Boreal Chorus Frog


Scientific Name: Pseudacris triseriata maculata
Size: 0.7 – 1.5” (adult length
Status: Can be common to abundant locally, but many populations have recently declined, particularly in suburban and agricultural areas
Michigan State Status: Special Concern;
MDNR Wildlife Action Plan Status: Species of Greatest Conservation Need



Prefer marshes, meadows, swales, and other open habitats. Also may be found in wet woods or wooded swampy areas. Will largely be found under refuges such as logs, rocks, and leaf litter.

Adult Coloration:

Brown, reddish, or tan to gray or olive background color with a conspicuous white or cream stripe along upper lip, with a dark brown stripe bordering the top that runs from the nose through the eye and down to the groin. Usually three greenish-black stripes down the back, often broken into spots. Belly cream or white, occasionally with dark speckling on chest and throat.

Adult Characteristics:

Skin slightly rough though moist. Toes slightly expanded. Hind legs shorter, so locomotion is more like a hop than a leap. Males a bit smaller than females with a yellowish vocal pouch apparent as a grayish flap of skin in the throat (most visible during breeding season). Voice: Short scratchy “cree-ee-ee-ee-eek” that rises in pitch. Similar to the sound of a pocket comb being strummed with a fingernail. e.g.,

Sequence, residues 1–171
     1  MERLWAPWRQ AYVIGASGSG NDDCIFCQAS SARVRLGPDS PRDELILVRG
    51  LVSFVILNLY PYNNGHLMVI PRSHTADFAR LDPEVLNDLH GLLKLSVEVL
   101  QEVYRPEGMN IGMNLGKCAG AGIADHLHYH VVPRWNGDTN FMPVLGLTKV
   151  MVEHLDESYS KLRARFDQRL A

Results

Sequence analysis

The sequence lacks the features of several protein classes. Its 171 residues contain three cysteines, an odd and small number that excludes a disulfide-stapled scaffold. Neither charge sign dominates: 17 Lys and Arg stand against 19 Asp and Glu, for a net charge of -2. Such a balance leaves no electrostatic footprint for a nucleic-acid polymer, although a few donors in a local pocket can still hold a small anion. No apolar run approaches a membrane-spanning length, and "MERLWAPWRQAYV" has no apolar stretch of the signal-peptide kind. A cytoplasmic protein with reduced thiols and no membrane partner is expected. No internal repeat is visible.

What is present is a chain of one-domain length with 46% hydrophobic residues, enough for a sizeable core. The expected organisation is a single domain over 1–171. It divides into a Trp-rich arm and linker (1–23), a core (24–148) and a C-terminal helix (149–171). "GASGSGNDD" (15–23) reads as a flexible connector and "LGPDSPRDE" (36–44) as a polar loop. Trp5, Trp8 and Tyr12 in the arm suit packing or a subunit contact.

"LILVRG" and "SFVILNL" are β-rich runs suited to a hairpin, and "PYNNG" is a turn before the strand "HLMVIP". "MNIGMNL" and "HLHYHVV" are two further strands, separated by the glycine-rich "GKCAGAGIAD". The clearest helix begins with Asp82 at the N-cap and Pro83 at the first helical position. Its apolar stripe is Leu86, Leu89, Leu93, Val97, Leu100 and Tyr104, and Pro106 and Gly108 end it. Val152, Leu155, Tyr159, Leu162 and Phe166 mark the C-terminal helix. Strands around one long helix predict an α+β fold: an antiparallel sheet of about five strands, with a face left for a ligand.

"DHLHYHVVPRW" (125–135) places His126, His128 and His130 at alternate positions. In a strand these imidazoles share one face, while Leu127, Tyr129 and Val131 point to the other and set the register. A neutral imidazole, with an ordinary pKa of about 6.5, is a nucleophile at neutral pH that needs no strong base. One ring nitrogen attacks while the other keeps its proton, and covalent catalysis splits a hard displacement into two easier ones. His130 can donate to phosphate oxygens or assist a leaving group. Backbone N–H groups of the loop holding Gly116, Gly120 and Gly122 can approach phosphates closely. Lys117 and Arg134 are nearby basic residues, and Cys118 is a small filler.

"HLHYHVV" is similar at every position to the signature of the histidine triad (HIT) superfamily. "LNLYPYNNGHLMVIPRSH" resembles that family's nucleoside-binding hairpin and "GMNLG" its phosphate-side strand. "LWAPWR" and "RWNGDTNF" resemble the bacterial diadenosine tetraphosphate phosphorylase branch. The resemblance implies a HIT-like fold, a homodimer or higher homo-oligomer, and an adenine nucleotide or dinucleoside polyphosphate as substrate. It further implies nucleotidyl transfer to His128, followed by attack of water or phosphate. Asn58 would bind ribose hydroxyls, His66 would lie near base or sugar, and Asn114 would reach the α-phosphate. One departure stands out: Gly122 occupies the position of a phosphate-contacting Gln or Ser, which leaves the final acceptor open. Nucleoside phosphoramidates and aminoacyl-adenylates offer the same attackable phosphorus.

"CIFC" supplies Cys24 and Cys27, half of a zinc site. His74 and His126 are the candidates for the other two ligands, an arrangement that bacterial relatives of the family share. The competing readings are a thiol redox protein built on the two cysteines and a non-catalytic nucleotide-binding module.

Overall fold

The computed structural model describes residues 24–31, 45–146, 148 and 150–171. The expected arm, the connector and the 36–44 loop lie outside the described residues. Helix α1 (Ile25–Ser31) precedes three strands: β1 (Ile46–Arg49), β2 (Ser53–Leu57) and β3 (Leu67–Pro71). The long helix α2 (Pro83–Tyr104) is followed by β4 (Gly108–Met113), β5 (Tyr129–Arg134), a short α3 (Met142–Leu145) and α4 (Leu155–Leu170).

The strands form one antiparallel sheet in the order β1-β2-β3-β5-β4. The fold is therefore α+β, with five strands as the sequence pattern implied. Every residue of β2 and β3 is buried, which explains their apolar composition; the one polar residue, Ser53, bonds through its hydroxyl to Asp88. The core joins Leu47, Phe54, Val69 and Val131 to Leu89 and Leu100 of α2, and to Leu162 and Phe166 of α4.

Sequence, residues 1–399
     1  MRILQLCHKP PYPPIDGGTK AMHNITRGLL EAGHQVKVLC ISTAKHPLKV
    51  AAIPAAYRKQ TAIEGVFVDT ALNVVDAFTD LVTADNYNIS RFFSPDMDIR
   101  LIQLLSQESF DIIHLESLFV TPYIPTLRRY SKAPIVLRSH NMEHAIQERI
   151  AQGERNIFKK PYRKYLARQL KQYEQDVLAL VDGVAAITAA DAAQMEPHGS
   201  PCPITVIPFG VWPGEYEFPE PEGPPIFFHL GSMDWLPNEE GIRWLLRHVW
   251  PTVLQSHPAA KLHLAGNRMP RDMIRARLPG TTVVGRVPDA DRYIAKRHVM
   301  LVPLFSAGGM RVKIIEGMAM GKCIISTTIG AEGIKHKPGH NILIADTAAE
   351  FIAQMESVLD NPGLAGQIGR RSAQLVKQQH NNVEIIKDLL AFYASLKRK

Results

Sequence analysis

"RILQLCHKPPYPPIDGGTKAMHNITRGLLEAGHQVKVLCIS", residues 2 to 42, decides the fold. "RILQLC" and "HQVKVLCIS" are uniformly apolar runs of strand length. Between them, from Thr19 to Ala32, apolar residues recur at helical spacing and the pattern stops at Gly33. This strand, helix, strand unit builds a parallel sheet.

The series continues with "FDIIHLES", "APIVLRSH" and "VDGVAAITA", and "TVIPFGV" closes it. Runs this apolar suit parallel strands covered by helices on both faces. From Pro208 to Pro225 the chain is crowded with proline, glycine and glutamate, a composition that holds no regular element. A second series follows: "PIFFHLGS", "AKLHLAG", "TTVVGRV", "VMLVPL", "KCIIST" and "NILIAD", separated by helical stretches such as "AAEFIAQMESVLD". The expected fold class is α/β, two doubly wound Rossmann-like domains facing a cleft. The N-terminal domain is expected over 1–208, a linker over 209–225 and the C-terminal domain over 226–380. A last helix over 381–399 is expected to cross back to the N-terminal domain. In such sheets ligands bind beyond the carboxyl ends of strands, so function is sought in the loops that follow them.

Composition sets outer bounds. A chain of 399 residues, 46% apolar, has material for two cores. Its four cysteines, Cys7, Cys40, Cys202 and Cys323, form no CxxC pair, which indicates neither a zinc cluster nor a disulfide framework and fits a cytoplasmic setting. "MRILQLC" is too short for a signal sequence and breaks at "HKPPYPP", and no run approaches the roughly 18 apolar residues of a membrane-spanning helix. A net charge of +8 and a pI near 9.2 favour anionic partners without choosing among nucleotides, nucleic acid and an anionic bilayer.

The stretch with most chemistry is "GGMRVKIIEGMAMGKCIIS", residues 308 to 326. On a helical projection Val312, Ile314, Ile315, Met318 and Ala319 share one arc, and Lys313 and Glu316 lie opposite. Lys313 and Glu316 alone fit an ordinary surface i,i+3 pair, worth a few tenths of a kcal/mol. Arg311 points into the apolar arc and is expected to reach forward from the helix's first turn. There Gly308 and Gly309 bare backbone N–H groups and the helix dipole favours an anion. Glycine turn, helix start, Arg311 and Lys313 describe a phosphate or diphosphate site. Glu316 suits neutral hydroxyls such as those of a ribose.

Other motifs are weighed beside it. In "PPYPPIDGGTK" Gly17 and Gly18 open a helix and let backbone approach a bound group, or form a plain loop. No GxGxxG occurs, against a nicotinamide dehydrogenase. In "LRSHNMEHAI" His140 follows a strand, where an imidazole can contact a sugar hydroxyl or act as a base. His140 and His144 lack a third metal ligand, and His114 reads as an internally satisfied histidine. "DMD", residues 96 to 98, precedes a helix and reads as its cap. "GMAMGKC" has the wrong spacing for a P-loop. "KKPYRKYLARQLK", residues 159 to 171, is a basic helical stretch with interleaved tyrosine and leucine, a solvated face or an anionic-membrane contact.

Larvae Characteristics:

Tadpoles rounded and gray or brown above, sometimes with golden mottling when older. Tail fins clear with dark speckling. Intestines visible through bronze belly. Maximum length is around 1.2”.

Species Confused With:

The Spring Peeper does not have a distinct white upper lip stripe and usually has an X-shaped mark on the back. Blanchard’s Cricket Frog has rougher skin and also does not have a white lip line or dark stripes on the back. Small Wood Frogs may be mistaken for Chorus Frogs due to similar markings on the lip, but these can be distinguished by their dorsolateral folds (raised ridges extending down each side of the back).

Distinction between subspecies:

Two subspecies of P. triseriata (sometimes referred to as the Striped Chorus Frog) occur in Michigan. Pseudacris t. triseriata is known as the Western Chorus Frog and occurs in the eastern Great Lakes region. It is very similar to the Boreal Chorus Frog but has longer hind legs (with a tendency to leap rather than hop) and usually has blacker striping on the back.


  • Amphibians and Reptiles of the Great Lakes Region by Jim Harding
  • Harding, J.H. and J.A. Holman. 1992. Michigan Frogs, Toads, and Salamanders. MSU Cooperative Extension Service and MSU Museum. Extension Bull. E-2350, 144 pp.
  • Ruthven, A. G., H. B. T. Gaige, et al. 1912. The herpetology of Michigan, by Alexander B. Ruthven. Crystal Thompson and Helen Thompson; Memoranda towards a bibliography of the archaeology of Michigan, by Harlan I. Smith; prepared under the direction of Alexander G. Ruthven. Lansing, Mich., Wynkoop Hallenbeck Crawford, State Printers.
  • Holman, J. A. 2012. The Amphibians and Reptiles of Michigan: A Quaternary and Recent Faunal Adventure. Detroit, Mich., Wayne State University Press.
  • Conant, R., and Collins, J. T. 1998. Reptiles and Amphibians: Eastern, Central North America. Houghton Mifflin Harcourt Press.